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IDF forces on alert as maritime agreement with Lebanon crumbles

Israel has rejected the changes Beirut has demanded to the draft maritime border agreement and now fears tensions could escalate on its northern border.
MAHMOUD ZAYYAT/AFP via Getty Images

Defense Minister Benny Gantz instructed the Israel Defense Forces to prepare for escalation on Israel's northern border after Prime Minister Yair Lapid dismissed the changes requested by the Lebanese government over the most recent draft of a bilateral maritime agreement. Israel’s security cabinet convened this afternoon to review the changes requested by Lebanon on Tuesday.

The Israeli security establishment fears that Hezbollah could attack the Karish rig and other Israeli targets. Gantz met this afternoon with IDF Chief of Staff Aviv Kochavi, Director-General of the Defense Ministry Amir Eshel and head of the Operations Directorate Shlomi Binder. Following the assessment meeting, Gantz instructed the defense establishment to prepare for increased tensions in the northern arena, "including defense and offense readiness."

The US-mediated agreement is designed to resolve the dispute over exploration for natural gas in the offshore area. The maritime zone includes the Israeli gas field Karish, which could become operational very soon, and the Lebanese Kana reservoir, which yet to be explored. The proposal involves Israel keeping Karish as well as a small part of the area where Kana is located, while most of the zone would be handed over to Lebanon. Israel would receive royalties for Lebanon using its part of the Kana area.

Last week, upon receiving the draft proposal from America mediator Amos Hochstein, Lapid and Gantz said they were willing to accept it. Lapid defended the document against opposition leader Benjamin Netanyahu, who accused him of caving to all of Lebanon's demands. The prime minister argued that the proposal protects Israel’s security and that it is in Israel’s interest for economically strapped Lebanon to benefit from the natural gas reserves.

Still, Beirut's reservations expressed Oct. 4 could nix the whole deal, as Jerusalem objects to making any further concessions.

A senior Israeli diplomatic source told reporters this morning that Lapid rejected the changes Lebanon proposed to the draft maritime border agreement.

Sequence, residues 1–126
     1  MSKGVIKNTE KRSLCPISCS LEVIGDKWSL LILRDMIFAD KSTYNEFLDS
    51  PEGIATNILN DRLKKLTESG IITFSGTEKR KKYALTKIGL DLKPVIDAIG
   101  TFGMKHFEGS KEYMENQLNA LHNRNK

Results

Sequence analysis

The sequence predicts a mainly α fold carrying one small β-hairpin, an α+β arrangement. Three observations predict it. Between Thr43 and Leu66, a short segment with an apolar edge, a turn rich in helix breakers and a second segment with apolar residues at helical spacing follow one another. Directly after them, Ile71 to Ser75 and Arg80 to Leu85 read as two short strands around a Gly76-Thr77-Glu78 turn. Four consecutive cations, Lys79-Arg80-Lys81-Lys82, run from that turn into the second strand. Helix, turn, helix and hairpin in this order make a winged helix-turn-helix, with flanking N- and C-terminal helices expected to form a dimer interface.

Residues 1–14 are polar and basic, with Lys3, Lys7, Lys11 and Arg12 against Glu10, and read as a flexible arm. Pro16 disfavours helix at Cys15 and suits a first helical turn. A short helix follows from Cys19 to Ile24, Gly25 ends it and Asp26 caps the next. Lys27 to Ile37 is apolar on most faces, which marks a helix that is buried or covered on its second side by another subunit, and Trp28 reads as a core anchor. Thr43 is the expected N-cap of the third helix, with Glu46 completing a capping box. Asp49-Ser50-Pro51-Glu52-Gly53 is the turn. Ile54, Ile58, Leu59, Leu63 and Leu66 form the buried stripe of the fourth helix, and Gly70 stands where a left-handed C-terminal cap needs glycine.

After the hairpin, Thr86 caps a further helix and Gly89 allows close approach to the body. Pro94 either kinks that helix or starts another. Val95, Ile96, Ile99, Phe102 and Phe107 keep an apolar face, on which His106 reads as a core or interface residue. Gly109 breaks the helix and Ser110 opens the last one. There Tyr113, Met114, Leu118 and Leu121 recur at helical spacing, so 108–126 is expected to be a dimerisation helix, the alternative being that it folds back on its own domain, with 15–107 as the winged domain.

"Prime Minister Yair Lapid was updated on the details of the substantial changes Lebanon is seeking to make in the agreement and instructed the negotiating team to reject them. Israel will not compromise on its security and economic interests, even if that means that there will be no agreement soon," said the official.

The official stressed that the proposal gives Israel full control of the Karish gas field and that Lapid has no intention of negotiating on that point. Israel holds that it has full sovereignty of the Karish area and does not consider it part of the talks. The official said Israel intends to extract gas from the Karish rig the moment it becomes possible.

Energean, which holds the exploration rights for the Karish field, announced this morning it has discovered 7-15 billion cubic meters of natural gas at the Hermes exploratory drilling site off Israel's coast.

Last June, the rig Energean intends to use to extract gas from the Karish field arrived from Singapore.

Yesh Atid member and head of the Knesset Foreign Affairs and Security Committee Ram Ben Barak told journalist Amir Bar Shalom today, "We do not determine our policy according to Hezbollah's threats. I am glad that we have reached a situation where there is a historic opportunity to reach an agreement with Lebanon. I hope that the Lebanese government will take [its requests] back. The Karish rig will start operating as soon as it is ready, regardless of the agreement."

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